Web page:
Some people intend to be national security threats. Others are just drunk. In the case of Monday’s drone crash on the southeast corner of the White House grounds, the immediate problem seems to have been an inebriated pilot. But the underlying issue is that the federal government poorly regulates the booming drone industry. The right response is not overreaction but rather tightening rules and procedures in some ways – and loosening them in others.

The White House has seen a handful of eye-raising security breaches in recent years, including one in September in which a man armed with a knife hopped the perimeter fence and ran into the building. In response, security continues to tighten. Among the most visible changes are unsightly waist-high fences around the building. Following the latest breach, the Secret Service says it won’t install golf netting around the White House grounds. That’s good: Washington has already become a city of concrete bollards and security cordons; official buildings shouldn’t be wholly removed from the public.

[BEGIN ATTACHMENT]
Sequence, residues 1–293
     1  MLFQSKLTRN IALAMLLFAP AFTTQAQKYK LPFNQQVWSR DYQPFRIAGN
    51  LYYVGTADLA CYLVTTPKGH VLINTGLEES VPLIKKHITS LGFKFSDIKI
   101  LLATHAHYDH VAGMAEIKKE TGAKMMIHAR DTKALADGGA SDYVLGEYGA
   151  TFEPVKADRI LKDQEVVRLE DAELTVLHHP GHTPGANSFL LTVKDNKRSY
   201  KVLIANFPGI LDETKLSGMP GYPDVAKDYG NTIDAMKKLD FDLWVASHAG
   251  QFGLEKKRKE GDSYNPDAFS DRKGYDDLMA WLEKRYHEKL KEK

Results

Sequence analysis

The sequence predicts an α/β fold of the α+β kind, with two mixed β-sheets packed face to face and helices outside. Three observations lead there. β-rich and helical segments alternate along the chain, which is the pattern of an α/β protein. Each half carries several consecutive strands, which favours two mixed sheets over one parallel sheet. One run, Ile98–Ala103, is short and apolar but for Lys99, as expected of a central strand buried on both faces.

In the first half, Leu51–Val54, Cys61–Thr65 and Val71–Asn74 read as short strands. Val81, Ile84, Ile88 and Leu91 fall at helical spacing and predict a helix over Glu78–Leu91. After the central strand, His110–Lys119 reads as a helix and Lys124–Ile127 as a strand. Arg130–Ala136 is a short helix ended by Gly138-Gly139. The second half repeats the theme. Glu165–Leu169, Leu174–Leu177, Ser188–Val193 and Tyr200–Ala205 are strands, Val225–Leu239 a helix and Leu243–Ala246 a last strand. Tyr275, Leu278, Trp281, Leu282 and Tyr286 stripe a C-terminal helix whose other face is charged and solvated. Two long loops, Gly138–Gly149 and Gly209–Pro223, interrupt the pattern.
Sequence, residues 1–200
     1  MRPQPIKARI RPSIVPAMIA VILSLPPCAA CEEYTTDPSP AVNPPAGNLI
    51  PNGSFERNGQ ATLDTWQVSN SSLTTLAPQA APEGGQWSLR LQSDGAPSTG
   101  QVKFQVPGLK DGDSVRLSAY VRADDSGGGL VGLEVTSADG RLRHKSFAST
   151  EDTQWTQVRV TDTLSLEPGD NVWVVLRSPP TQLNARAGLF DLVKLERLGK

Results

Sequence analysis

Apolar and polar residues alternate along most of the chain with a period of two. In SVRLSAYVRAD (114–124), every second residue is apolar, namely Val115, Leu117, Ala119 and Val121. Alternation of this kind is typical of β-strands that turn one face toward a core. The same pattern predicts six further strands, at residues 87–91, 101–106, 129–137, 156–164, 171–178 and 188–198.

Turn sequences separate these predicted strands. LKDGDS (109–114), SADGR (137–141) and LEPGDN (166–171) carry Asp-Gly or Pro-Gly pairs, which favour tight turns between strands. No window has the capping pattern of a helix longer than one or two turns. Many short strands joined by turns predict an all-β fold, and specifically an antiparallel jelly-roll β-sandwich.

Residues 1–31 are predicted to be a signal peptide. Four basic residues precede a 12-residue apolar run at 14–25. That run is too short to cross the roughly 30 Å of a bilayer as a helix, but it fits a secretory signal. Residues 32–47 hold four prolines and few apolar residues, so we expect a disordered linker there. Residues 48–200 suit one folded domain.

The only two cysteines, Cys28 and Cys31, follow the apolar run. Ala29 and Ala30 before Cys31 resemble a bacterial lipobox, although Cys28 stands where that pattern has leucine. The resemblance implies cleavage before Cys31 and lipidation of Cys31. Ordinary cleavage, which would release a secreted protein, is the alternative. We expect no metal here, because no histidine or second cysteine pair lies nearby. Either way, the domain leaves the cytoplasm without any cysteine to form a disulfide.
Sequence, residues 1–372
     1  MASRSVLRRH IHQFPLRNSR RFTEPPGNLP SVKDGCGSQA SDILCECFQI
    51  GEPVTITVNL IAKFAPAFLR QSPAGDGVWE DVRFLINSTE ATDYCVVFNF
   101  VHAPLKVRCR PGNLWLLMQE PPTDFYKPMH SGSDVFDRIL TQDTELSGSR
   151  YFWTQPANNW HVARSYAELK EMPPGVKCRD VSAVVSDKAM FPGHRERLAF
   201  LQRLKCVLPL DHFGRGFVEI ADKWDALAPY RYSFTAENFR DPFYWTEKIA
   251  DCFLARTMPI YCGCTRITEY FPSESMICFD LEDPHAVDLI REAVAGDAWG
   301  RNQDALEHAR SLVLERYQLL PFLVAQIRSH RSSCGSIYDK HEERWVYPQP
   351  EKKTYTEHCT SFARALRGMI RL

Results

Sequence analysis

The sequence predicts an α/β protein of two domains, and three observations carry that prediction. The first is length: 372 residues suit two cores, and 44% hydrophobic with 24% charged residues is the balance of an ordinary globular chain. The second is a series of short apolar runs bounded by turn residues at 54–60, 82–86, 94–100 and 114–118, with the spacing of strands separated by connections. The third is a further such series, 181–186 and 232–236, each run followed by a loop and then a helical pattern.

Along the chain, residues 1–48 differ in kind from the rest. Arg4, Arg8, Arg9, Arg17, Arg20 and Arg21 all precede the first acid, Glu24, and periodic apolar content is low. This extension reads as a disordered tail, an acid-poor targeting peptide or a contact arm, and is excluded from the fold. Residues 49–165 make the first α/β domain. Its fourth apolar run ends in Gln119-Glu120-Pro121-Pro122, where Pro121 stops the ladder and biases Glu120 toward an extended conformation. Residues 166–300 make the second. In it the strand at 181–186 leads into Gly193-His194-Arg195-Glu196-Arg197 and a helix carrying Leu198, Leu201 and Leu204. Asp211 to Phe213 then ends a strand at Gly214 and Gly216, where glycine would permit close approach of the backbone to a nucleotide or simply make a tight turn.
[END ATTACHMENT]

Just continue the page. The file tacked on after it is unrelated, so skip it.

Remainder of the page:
Federal authorities can and should enhance security against drones and other threats in smarter, less obtrusive ways. Technologies in the pipeline could detect small incoming aircraft. The trick will be intercepting or jamming drones on their way toward the West Wing without harming bystanders.

The Federal Aviation Administration should look into requiring that safety protocols be written into drone firmware, which would automatically prevent operation in unauthorized airspace, no matter how inebriated operators are.

Until the agency does that, high-profile enforcement in cases of serious rule-breaking might help.Whoever flew his 2-foot-by-2-foot unmanned aerial vehicle into restricted White House airspace should be punished publicly, showing other amateur drone pilots that rules aren’t optional.